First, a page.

It happens during every season of Survivor: A contestant is backstabbed.
During the final tribal council, one of the competitors is inevitably shocked – shocked! – that an ally would lie to them. They throw around words like “integrity” and “honor.” Some even cry.
As the scenario unfolds, host Jeff Probst watches with an amused smile on his dimpled face. “It’s fascinating,” he tells PEOPLE. “I’m constantly entertained.”
Was he entertained while filming the show’s 30th season, premiering on CBS on Wednesday night? Probst says that Survivor: Worlds Apart, which divides its 18 contestants by profession, will be one of the franchise’s strongest seasons yet.
Sitting down with PEOPLE, Probst talks honesty, ethics and self-awareness – and their role in Survivor.
You start this season by giving contestants an honesty test. Two contestants will be broken off from their tribe and given a choice: take a big bag of food, or a smaller bag and a clue to a hidden immunity idol.
Right. And they right away have to decide, Am I going to tell everyone the truth, or will I lie? They’ll have to live with that decision.
Which would you choose?
I’d opt to tell the truth. That’s the thing about lying – it will eventually come out. And when someone is caught lying, they become a target.
So you’d go for the truth. Is it because you’re an honest person?
No. Ethics really don’t play a part of Survivor. This is a game where people mislead each other. It’s a good strategic move to lie as infrequently as possible.
But what if you were paired with a person who wanted to lie about the big bag of rice?
If he was insistent that we lie, I’d go with it, but the minute we got found out, I’d say, “I wanted to tell the truth, but he decided to lie.”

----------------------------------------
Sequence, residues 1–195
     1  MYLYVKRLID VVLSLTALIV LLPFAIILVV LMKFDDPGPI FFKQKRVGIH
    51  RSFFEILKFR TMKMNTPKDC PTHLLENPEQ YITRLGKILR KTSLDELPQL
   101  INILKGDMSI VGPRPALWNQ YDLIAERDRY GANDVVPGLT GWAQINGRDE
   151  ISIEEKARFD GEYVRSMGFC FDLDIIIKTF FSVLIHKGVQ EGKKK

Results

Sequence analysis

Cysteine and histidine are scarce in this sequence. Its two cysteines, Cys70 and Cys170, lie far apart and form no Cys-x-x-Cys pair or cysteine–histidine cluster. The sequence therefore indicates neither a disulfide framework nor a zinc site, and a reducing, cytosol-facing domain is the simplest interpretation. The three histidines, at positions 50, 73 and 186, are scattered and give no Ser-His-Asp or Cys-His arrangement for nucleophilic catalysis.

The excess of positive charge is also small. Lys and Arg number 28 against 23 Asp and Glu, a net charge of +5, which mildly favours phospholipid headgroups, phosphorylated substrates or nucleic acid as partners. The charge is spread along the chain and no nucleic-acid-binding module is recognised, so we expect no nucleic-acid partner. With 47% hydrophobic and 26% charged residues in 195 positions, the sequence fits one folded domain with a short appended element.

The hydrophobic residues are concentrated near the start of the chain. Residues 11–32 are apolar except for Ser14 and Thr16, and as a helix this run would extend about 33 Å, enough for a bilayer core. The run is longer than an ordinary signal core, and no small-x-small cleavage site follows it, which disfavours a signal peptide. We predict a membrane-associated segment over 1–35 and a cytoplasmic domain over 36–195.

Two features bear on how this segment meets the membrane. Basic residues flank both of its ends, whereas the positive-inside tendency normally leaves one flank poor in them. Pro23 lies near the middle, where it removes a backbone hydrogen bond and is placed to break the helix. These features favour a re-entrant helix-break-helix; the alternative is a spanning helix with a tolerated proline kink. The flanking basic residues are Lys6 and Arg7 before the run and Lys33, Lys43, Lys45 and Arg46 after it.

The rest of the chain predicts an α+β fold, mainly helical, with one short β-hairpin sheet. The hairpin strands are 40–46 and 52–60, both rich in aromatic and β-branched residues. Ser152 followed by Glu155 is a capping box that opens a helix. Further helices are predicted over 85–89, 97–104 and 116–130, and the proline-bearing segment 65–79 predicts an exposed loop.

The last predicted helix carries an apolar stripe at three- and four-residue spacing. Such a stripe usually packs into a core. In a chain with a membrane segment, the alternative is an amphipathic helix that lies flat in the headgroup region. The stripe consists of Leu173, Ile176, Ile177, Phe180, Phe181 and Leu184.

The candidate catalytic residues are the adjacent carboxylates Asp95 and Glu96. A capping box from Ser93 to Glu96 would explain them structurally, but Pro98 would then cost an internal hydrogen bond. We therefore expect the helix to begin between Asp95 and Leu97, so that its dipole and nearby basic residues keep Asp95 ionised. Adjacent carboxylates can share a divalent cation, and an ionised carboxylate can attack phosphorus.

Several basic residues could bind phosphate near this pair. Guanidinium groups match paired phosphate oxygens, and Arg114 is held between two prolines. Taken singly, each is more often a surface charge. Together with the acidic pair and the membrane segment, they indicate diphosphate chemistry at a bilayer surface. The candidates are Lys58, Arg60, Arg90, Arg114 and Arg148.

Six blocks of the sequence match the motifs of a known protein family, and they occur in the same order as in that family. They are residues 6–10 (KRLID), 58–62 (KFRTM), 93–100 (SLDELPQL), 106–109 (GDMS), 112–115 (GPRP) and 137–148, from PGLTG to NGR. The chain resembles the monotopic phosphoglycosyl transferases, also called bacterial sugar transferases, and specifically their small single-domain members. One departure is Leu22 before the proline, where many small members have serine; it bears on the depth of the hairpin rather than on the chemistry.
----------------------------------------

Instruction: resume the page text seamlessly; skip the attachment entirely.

Nice. So you’re willing to throw someone else under the bus. Is that the key to winning Survivor?
No. The most important thing is to be self-aware. A lot of people think they are self-aware, but they’re not self-aware enough to realize that they’re not self-aware. I can look at a cast and choose five, six, seven or eight people who have absolutely no chance to win because they’re not self-aware enough.
Why do you cast them, if they have no chance to win?
A good season has a mix of people. There are folks who have to grow into their role. Sometimes, the people who I write off at the beginning make it very far. Like Spencer from Cagayan.
Fair enough. Now, you’ve had a few seasons you hate, and
Wait. I don’t hate seasons of Survivor. Some seasons are better than others, sure. But even our weakest seasons aren’t bad. I don’t hate them.
You hated Survivor: Guatemala. You’ve said so before, which is insane because I think Guatemala was a fantastic season.
But I didn’t hate Guatemala. It was just one of those seasons that had a lot of contestants that I personally didn’t like. It’s also about what’s going on in my personal life, my own experiences. I’m only human. But you’ve inspired me to rewatch some of Guatemala the next time I’m on location.
So let me address the elephant in the room. Last season, Survivor: San Juan Del Sur was one of your weakest seasons ever.
It ended well, but I agree that it wasn’t one of our strongest seasons. It was still interesting, and it played out in a satisfying way. I think people got spoiled because we had so many strong seasons in a row.
So what went wrong?
We made a rookie mistake. We wanted to do Blood vs. Water for a second season and made that decision without having a cast in place. So then we had to cast groups of two, and we ended up with a lot of people who just didn’t belong on Survivor. It ultimately ended up okay, but we didn’t do it right. We knew better.
So this cast is better?
Pound for pound, this is one of the best casts we’ve ever assembled. They’re just so good – and it shows. This season will be fantastic from the start.
There are some players in this game. Around the middle of the season, someone will flip this game on its head. It’ll be incredible. That’s what happens when you put people who know how to play this game.
It’s your job to tell me how wonderful a season is, I get it, but how are you going to convince people who didn’t like last season?
I’m going to issue a challenge to viewers: Watch the first episode. Just watch it with an open mind. I guarantee you’ll be hooked on the entire season if you just watch the premiere. It’s that good. I really believe that people will love this cast, love the season and everything that happens.
[Laughs.] Yes, honest.